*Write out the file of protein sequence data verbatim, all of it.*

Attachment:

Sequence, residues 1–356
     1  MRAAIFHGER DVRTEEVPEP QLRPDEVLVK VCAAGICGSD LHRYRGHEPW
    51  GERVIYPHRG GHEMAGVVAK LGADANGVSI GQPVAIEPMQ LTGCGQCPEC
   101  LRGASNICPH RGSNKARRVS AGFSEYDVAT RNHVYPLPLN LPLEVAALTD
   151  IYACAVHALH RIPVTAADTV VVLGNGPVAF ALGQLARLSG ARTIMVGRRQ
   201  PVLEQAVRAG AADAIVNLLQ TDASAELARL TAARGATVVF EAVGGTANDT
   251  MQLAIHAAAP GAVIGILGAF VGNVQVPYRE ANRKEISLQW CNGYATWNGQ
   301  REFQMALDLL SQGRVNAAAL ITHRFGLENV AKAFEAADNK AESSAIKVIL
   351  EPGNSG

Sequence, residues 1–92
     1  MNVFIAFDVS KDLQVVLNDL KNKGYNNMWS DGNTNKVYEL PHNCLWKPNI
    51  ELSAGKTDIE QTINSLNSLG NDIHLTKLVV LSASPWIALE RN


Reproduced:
Sequence, residues 1–356
     1  MRAAIFHGER DVRTEEVPEP QLRPDEVLVK VCAAGICGSD LHRYRGHEPW
    51  GERVIYPHRG GHEMAGVVAK LGADANGVSI GQPVAIEPMQ LTGCGQCPEC
   101  LRGASNICPH RGSNKARRVS AGFSEYDVAT RNHVYPLPLN LPLEVAALTD
   151  IYACAVHALH RIPVTAADTV VVLGNGPVAF ALGQLARLSG ARTIMVGRRQ
   201  PVLEQAVRAG AADAIVNLLQ TDASAELARL TAARGATVVF EAVGGTANDT
   251  MQLAIHAAAP GAVIGILGAF VGNVQVPYRE ANRKEISLQW CNGYATWNGQ
   301  REFQMALDLL SQGRVNAAAL ITHRFGLENV AKAFEAADNK AESSAIKVIL
   351  EPGNSG

Sequence, residues 1–92
     1  MNVFIAFDVS KDLQVVLNDL KNKGYNNMWS DGNTNKVYEL PHNCLWKPNI
    51  ELSAGKTDIE QTINSLNSLG NDIHLTKLVV LSASPWIALE RN